Dean Israelite manned the camera for the reboot of the 1990’s children’s phenomenon Mighty Morphing Power Rangers. Mighty Morphing Power Rangers was an American television show that rocked the airwaves in the early 90’s and continues to draw the attention of kids today. Dubbed Power Rangers, the reboot follows five wayward teens as they uncover an alien technology, band together, and form the Power Rangers.
Dean Israelite, of Chronicle fame, directs this campy special effect extravaganza.
The film stars Bryan Cranston as the leader of the Power Rangers, Zordon and Elizabeth Banks as the sinister villain Rita Repulsa. Bill Hader also appears as the voice of the Rangers helpful robot Alpha 5. The Power Rangers themselves round out the cast and provide for the films diversity. Dacre Montgomery is the team’s leader Jason, the red ranger and is accompanied by Naomi Scott playing Kimberly, the pink ranger. The diversity begins to show itself in the casting of the black ranger Ludi Lin, a rising Asian films star. The film also features Becky G. as the Latina yellow ranger and RJ Cyler as the black blue ranger.
Power Rangers has always been a diverse property and has sported a multi-racial cast since its beginnings in America in 1993. RJ Cyler is the most diverse character in this new series and introduces a new dynamic to the show, autism. The character of Billy the blue ranger reveals himself as being “on the spectrum” and says his brain doesn’t; work the same as the other rangers. Becky G. provides more diversity as the Latina yellow ranger. As we learn more about the rangers and the issues they struggle with we learn that Trini, the hostile loner of the team, is hiding a secret. Around the campfire, Trini confesses that she is a lesbian and that her parents don’t support her or her lifestyle and leans on her fellow rangers for support.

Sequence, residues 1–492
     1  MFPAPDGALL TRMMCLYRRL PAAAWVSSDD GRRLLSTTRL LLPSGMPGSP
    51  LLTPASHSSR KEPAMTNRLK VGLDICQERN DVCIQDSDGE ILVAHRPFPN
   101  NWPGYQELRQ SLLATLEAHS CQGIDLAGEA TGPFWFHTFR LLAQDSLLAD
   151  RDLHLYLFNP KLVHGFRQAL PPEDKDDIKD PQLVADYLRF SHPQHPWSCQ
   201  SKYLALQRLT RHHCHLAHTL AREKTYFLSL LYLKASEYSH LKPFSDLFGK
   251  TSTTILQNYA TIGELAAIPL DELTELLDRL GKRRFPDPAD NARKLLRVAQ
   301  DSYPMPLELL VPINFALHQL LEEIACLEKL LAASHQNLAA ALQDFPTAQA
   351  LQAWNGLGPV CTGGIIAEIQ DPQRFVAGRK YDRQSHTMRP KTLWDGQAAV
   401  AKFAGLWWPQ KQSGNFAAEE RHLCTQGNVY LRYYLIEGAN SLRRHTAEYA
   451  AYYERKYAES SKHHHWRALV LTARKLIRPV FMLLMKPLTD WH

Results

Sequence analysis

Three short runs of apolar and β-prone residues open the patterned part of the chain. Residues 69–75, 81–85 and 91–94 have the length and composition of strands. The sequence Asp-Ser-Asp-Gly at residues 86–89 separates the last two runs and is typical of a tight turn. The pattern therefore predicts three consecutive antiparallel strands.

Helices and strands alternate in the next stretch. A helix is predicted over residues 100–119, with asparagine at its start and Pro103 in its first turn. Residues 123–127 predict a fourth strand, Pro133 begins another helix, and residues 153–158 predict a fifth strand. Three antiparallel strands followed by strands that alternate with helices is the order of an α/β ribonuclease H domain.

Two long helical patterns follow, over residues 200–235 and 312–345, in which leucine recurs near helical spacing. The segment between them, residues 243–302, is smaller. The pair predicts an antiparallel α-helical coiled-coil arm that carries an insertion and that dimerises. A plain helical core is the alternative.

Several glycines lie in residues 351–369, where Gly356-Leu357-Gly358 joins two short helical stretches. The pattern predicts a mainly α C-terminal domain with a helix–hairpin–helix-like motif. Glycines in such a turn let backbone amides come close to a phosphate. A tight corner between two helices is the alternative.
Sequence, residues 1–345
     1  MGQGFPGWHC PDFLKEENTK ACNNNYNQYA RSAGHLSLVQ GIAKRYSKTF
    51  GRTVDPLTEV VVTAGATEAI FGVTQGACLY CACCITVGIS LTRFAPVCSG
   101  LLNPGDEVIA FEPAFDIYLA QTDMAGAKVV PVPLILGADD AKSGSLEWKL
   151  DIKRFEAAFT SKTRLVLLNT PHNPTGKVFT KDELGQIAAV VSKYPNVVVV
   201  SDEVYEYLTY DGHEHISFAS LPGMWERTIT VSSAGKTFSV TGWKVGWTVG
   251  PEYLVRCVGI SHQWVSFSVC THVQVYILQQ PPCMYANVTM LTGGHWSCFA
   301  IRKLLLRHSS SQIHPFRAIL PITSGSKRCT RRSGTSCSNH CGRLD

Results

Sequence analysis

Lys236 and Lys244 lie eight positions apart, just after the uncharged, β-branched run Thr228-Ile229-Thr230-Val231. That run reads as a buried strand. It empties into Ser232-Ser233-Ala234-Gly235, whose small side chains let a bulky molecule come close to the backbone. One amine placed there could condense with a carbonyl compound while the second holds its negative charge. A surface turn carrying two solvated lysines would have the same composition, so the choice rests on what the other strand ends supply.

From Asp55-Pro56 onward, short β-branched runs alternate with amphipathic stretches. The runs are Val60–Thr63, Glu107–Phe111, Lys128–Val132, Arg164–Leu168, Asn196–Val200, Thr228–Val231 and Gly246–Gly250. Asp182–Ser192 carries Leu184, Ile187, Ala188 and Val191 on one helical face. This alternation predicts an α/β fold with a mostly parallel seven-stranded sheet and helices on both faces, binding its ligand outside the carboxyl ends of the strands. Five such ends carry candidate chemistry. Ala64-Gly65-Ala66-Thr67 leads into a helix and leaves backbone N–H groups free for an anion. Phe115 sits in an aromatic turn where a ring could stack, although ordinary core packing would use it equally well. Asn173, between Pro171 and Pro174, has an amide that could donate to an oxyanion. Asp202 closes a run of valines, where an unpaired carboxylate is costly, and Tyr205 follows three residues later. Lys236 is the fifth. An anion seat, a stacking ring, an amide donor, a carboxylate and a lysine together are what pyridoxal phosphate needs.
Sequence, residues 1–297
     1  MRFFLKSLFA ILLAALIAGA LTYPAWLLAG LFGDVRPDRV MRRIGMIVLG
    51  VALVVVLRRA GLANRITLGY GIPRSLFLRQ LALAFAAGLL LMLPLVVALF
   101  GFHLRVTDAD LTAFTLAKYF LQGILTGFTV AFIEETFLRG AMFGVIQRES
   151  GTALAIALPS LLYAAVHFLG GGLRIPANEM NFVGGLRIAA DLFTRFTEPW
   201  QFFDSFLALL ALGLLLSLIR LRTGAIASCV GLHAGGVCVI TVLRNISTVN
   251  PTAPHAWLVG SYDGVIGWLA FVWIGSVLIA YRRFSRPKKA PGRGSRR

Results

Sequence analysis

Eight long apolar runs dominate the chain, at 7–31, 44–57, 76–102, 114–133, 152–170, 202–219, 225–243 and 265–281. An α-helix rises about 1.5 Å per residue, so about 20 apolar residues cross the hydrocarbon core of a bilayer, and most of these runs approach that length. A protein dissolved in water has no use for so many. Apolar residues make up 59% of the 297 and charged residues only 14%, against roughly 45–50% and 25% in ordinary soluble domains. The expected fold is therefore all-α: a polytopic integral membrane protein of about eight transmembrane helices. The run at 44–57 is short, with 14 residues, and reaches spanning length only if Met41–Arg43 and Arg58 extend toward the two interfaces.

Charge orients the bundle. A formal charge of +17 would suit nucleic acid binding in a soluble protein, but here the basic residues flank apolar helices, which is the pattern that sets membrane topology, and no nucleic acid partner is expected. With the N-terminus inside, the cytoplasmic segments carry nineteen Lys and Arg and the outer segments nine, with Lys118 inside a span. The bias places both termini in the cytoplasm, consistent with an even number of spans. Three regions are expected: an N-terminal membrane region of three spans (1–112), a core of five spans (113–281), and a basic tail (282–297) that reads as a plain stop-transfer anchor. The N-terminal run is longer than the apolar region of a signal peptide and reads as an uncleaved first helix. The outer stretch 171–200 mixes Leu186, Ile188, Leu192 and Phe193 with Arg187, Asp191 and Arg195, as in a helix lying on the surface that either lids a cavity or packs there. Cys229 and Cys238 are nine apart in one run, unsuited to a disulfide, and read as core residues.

Despite some small continuity issues and an over reliance on the tropes of John Hughes the film is well constructed. Elizabeth Banks performed fantastically as Rita Repulsa and played her with a beautiful campy splendor that sent my inner child crawling up a wall. The films biggest flaw is in its pacing. While individual action scenes are scattered throughout the film the rangers themselves do not really hit their stride until the final act of the film. The rangers take far too long achieve their power.
The training sequences that punctuated the early parts of the film became redundant and flat as the story progressed. Even the promise of what was to come, with the early unveiling of the Zords or the tease of the super suits, was not enough to stop the second act of this film from feeling overwhelmingly sluggish. The film even featured a few cameos of popular characters from the original series. Power Rangers opened with a $40 million weekend and is currently over 75 million domestically. “Power Rangers” is a decent origin story for what will be an exciting franchise for kids. “Go, Go, Power Rangers!”